Although the National Environmental Policy Act (NEPA) has been in force for five years and the brief provisions of the Act have been litigated in several hundred cases, the substantive content of NEPA remains undefined. The early leading case under the Act required procedural compliance with section 1024 but only suggested the substantive policy which the procedural duties were designed to implement. Sub-sequently, almost all of the NEPA cases have raised questions of compliance with the procedural prerequisites and the integrity of the procedural process has become para-mount in judicial review. Correspondingly, the courts have been reluctant or unwilling to engage in a review of substantive compliance with the Act.8 This reluctance extends beyond the traditional judicial caution against substituting the court’s judgment for that of the agency. One circuit has squarely held that judicial review of substantive compliance is precluded. Consequently, there has been scant judicial articulation of the Act’s substantive mandate.
The judicial emphasis on procedural compliance has resulted in a stringent standard of review which in turn has elicited criticism over the difficulty of achieving full compliance with NEPA. Efforts have been made to exempt some categories of agency action from NEPA’s requirements and Congress has responded by immunizing construction of the Alaskan pipeline from judicial review under NEPA. On the other hand, one noted environmental law scholar has stated that the procedural reform wrought by judicial application of NEPA is ineffective, except to increase the paper-work necessary to obtain approval for agency actions.
Certain legislative history of NEPA suggests that one of NEPA’s sponsors felt that agencies charged with environmental protection responsibilities would influence the decisions of agencies that had traditionally ignored the effects of environmental harm. However, the interagency review required under NEPA appears to have had little effect on agency decisions. The agencies themselves have resisted the procedural obligations imposed by NEPA and, with the exception of the Atomic Energy Commission have not developed any criteria for evaluating the significance of environmental harm. The Council on Environmental Quality, charged with overseeing the implementation of NEPA, likewise has not developed or suggested any standard for determining the weight to be accorded environmental harm in the process of making agency decisions.
Despite the dearth of articulation of NEPA’s substantive commands, two Circuit Courts of Appeals have held that they have the power to review substantive compliance with the Act. Both courts have stated that the compliance is reviewable under traditional standards of the Administrative Procedure Act. But neither has explained how APA review standards are to be applied in the face of NEPA’s unarticulated substantive policy.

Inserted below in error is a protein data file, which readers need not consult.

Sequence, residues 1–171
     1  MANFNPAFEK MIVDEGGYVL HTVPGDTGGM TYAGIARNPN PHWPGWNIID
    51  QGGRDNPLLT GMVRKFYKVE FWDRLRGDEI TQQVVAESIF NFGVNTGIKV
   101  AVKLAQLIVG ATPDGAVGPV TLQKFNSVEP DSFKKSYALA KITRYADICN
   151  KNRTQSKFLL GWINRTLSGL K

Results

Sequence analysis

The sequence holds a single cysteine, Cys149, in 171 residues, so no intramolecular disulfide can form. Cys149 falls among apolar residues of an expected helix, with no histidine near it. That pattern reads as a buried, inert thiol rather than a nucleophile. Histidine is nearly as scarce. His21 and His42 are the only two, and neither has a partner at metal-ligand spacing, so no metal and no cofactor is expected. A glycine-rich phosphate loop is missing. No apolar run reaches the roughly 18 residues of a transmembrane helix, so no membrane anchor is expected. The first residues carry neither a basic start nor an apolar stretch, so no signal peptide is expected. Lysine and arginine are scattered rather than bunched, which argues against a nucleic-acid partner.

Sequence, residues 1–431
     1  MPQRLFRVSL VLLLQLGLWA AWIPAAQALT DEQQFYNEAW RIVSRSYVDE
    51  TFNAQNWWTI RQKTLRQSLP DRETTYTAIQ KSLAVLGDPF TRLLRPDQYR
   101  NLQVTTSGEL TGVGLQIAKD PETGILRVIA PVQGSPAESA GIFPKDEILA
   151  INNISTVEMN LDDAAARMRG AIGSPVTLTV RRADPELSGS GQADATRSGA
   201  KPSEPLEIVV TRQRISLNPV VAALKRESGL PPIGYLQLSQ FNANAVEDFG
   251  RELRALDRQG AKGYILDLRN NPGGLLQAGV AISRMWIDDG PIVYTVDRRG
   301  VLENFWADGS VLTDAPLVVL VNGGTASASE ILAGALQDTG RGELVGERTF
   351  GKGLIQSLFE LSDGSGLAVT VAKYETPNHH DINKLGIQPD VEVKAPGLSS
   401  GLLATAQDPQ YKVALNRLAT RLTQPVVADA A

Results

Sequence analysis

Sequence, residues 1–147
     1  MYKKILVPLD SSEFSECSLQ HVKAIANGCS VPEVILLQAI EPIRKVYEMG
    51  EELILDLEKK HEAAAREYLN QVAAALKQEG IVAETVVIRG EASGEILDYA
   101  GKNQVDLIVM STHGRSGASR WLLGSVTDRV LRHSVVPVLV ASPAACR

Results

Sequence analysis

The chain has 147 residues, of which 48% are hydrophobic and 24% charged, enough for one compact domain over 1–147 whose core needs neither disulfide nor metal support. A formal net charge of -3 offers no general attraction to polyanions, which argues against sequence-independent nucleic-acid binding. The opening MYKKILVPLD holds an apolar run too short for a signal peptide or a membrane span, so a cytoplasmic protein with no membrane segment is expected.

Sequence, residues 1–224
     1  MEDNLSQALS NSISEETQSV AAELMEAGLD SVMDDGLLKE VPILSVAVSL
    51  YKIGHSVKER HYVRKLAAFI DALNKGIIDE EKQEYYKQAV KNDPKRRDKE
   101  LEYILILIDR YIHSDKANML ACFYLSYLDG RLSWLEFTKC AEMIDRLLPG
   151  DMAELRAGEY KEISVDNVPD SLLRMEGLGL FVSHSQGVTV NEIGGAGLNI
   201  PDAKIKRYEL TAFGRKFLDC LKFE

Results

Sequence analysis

This Note proceeds from the premise that formulation of substantive standards for NEPA is both desirable and required. Part II examines the difficulty agencies encounter in attempting to meet the Act’s procedural requirements, and the problem posed by judicial review of procedural compliance, when neither the agencies nor the judiciary defines the substantive standard. Part III explores the current efforts to implement NEPA’s substantive policy in its nascent condition and the difficulties faced when NEPA is construed as creating a substantive standard. A fuller explanation of the workings of the substantive standard derived from an economic analysis is presented in Part IV. Part IV concludes with a discussion of the roles of the agencies and the courts in fostering the articulation and implementation of NEPA’s substantive standard.
With a combination of congressional legislation and internal reorganization, the Atomic Energy Commission can become an agency which will be able to take a broad view of all the alternatives, not just nuclear power, and devise a sorely needed orderly
The federal courts have consistently met both state and federal resistance with a firm hand to ensure that NEPA's directives achieve the ends Congress intended.
Analyzes NRDC v. SEC II, a case addressing the SEC's refusal to promulgate environmental disclosure regulations, based on merits and standard of review
Voting rights advocates should explore section 11(b) of the Voting Rights Act as a vehicle to combat voter intimidation.